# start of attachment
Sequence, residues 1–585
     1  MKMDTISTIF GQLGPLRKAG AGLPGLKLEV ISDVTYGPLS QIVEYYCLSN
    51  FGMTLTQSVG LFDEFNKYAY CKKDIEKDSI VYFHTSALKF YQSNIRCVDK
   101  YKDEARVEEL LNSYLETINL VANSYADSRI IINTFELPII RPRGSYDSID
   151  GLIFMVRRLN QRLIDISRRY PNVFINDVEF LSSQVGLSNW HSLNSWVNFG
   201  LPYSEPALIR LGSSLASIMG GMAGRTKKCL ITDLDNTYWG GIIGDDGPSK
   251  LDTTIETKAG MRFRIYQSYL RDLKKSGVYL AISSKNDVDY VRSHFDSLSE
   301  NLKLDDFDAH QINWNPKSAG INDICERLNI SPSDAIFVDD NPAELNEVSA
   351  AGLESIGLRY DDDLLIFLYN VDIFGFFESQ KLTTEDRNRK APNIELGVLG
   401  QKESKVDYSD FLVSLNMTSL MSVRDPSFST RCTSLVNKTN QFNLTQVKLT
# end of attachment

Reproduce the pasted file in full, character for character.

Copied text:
Sequence, residues 1–585
     1  MKMDTISTIF GQLGPLRKAG AGLPGLKLEV ISDVTYGPLS QIVEYYCLSN
    51  FGMTLTQSVG LFDEFNKYAY CKKDIEKDSI VYFHTSALKF YQSNIRCVDK
   101  YKDEARVEEL LNSYLETINL VANSYADSRI IINTFELPII RPRGSYDSID
   151  GLIFMVRRLN QRLIDISRRY PNVFINDVEF LSSQVGLSNW HSLNSWVNFG
   201  LPYSEPALIR LGSSLASIMG GMAGRTKKCL ITDLDNTYWG GIIGDDGPSK
   251  LDTTIETKAG MRFRIYQSYL RDLKKSGVYL AISSKNDVDY VRSHFDSLSE
   301  NLKLDDFDAH QINWNPKSAG INDICERLNI SPSDAIFVDD NPAELNEVSA
   351  AGLESIGLRY DDDLLIFLYN VDIFGFFESQ KLTTEDRNRK APNIELGVLG
   401  QKESKVDYSD FLVSLNMTSL MSVRDPSFST RCTSLVNKTN QFNLTQVKLT